Mannstaedt GmbH in Troisdorf near Cologne, a world-leading manufacturer of hot-rolled special steel sections, has successfully begun operating a plant supplied by H+H Herrmann + Hieber for the automatic sorting, stacking and packing of profile sections. Owing to the large variety of cross-sections processed and stacking patterns required, exceptional demands are made on the manipulation means and as regards precision
With this plant profile sections 500 to 5,100 millimetres long (maximum bundle weight 5 tonnes) can be processed in a fully automatic sequence, and in partially automated operation even up to 7,500 millimetres long. The sections are transported to the dispatch area stacked on squared joists and strapped to form packs. To ensure high stability of the section bundles, the layers within the pack of sections have individually designed stacking patterns nested in one another. The stacking time amounts to around 25 to 30 s per section.
The rolled section (up to 26 metres long) is weighed, its length measured, and it is then taken to the saw. In the conveyor stretch to the stacker its straightness is checked and some sections are rotated through 180 degrees with the help of a so-termed “Schmetterling” rotating device.
Owing to the large weights involved, tailor-made electromagnets had to be developed to carry the loads. To be able to pick up all the sections safely, magnetic fields in various orientations and of correctly matched field strengths have to be combined. The magnets used are made individually.
To form the stacks two roller conveyors are installed in parallel so that two stacks can be dealt with next to one another. This allows sections of different lengths to be processed at the same time.
Owing to the variety of tasks involved the structure of the control system is exceptionally complex. The most important strategies are:
- Flexible stack shapes in accordance with the customer’s wishes. As regards stacking, two basic alternatives are possible: in one case the entire stack with supporting squared joists can be strapped to form a single pack. However, the packed stack can also consist of individual, separately strapped section bundles which are then combined and strapped with their supporting joists to form packs.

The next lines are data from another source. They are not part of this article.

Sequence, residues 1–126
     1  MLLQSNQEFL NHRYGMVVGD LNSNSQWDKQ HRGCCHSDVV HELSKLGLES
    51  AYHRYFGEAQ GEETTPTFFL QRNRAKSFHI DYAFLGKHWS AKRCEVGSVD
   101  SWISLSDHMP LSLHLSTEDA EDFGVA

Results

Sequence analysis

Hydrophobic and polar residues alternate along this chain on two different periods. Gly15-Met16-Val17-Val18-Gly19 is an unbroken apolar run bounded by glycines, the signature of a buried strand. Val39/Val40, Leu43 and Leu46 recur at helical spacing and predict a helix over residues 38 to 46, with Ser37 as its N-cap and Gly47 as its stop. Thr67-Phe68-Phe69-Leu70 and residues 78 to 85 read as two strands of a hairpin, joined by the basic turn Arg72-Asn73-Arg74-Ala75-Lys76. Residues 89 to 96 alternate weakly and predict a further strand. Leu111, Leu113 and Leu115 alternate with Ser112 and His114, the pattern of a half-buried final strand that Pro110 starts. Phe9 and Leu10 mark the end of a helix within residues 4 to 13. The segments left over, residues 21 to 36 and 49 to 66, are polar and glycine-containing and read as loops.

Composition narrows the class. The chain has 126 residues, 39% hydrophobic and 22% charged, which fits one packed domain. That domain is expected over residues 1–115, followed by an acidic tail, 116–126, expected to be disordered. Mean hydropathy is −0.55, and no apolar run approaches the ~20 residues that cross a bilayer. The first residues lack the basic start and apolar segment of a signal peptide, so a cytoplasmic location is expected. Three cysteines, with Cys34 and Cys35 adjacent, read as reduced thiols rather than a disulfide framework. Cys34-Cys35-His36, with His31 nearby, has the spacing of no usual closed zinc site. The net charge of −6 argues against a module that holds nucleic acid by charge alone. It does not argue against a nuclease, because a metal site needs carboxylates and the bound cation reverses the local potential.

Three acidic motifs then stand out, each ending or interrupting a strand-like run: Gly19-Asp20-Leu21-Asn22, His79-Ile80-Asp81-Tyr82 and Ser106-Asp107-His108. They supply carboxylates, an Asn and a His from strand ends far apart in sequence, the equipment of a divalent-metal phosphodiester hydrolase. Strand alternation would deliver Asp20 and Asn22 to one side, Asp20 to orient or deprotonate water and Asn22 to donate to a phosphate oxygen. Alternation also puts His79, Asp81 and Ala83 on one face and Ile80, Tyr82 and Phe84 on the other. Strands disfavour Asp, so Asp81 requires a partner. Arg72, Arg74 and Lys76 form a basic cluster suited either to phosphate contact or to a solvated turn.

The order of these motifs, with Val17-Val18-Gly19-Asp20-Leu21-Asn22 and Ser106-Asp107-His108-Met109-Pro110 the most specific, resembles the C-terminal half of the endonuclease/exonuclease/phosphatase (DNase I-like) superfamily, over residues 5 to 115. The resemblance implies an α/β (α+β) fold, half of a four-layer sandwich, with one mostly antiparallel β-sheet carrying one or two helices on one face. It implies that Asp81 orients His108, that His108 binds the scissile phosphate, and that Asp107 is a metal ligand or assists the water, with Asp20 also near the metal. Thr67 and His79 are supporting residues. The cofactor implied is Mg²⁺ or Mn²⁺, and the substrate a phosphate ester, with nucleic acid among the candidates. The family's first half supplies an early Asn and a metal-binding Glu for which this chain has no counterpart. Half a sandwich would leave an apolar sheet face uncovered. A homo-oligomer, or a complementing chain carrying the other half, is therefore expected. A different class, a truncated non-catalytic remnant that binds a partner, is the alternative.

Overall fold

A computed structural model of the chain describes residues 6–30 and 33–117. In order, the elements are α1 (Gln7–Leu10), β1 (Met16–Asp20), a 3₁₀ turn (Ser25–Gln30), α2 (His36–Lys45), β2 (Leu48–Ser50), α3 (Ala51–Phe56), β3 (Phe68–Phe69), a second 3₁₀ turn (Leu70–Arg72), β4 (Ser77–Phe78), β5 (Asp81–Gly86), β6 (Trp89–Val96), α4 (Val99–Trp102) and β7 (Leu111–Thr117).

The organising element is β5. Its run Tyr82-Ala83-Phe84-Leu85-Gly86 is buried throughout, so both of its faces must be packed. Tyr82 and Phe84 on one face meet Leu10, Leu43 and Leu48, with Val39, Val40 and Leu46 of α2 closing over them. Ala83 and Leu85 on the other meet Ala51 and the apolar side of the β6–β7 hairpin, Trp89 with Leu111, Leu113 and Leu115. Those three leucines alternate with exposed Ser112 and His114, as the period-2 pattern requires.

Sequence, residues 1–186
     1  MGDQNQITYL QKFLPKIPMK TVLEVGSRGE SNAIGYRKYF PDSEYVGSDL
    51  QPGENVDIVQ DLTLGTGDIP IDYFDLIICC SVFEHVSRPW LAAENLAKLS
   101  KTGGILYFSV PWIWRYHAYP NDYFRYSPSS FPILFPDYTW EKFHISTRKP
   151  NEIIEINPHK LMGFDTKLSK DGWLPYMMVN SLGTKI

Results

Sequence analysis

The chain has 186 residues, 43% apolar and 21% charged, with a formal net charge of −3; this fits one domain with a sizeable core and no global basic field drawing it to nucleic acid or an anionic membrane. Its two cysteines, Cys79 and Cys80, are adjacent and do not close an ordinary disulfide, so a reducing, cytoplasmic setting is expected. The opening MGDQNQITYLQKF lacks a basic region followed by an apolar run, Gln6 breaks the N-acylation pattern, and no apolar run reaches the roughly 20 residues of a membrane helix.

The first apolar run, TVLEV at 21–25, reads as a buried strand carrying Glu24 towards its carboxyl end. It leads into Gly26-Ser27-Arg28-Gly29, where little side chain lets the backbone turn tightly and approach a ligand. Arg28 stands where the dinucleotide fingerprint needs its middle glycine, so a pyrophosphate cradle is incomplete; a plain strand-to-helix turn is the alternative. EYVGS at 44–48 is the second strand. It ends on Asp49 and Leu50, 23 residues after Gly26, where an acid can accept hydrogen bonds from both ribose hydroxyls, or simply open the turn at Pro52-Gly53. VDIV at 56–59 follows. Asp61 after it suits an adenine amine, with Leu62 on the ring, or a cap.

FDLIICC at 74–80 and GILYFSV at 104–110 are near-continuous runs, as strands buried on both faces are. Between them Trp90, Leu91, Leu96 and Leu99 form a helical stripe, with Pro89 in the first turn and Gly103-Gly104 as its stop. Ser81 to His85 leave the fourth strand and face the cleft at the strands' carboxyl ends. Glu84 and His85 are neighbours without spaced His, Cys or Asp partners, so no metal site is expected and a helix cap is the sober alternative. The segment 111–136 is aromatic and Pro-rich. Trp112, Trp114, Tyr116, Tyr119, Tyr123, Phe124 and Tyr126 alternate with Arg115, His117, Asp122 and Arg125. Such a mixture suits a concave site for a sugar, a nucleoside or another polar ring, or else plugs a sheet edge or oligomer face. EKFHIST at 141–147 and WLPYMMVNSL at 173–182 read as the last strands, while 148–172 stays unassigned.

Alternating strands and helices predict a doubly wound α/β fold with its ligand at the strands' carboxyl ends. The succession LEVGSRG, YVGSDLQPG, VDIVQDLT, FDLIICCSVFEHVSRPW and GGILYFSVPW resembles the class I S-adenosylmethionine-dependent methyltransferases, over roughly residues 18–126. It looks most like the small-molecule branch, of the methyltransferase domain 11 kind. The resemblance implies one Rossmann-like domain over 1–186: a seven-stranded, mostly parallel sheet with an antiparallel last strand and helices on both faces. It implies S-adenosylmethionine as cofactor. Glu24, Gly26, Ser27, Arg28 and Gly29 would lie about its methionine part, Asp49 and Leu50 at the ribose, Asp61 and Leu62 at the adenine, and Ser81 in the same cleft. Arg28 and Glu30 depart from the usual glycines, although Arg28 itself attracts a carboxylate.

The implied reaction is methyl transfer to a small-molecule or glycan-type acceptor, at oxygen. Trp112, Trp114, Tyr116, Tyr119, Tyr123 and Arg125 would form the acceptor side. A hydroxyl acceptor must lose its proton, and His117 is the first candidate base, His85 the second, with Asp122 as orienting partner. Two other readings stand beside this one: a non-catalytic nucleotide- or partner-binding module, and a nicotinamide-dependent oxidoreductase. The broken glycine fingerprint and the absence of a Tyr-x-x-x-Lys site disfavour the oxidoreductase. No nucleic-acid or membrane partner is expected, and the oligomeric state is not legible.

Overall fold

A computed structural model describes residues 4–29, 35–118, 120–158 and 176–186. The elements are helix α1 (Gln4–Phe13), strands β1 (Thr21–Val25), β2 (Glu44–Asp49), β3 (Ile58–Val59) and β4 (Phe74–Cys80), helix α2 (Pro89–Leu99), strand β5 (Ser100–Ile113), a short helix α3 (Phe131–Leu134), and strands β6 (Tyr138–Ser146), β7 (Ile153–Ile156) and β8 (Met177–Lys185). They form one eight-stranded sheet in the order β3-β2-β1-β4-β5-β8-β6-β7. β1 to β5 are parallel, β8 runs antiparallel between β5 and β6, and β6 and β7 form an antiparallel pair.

- Minimisation of waste. To enable the initial rolled section to be used as completely as possible, different orders can be combined with one another so that the lengths of all the sections add up to a maximum. For this it is taken into account that the length of the initial section can vary. When stacking, the result of this is that two lengths in parallel have to be stacked in different packs.
- Different stack patterns and varying sequences. Differing section shapes make differentiated stacking necessary. The arrangement in the stack is determined for each individual profile cross-section and stored in the control system. Moreover, for each individual section it must be specified how it should be positioned under the stacking device to enable safe load uptake.
- Strapping and transport of packs with varying lengths. At the strapping station the squared joists needed in each case are positioned automatically and loaded. This is done taking into account the dimensions of the sections, the pack weight and the transport equipment to be used. The positions of the joists are specified from time to time by the computer.
The pack, supported by squared joists to which it is fixed by steel straps, is moved with the help of transporting forks to one of three available waiting positions or taken directly to the transfer point, where it can be taken over by a fork-lift truck.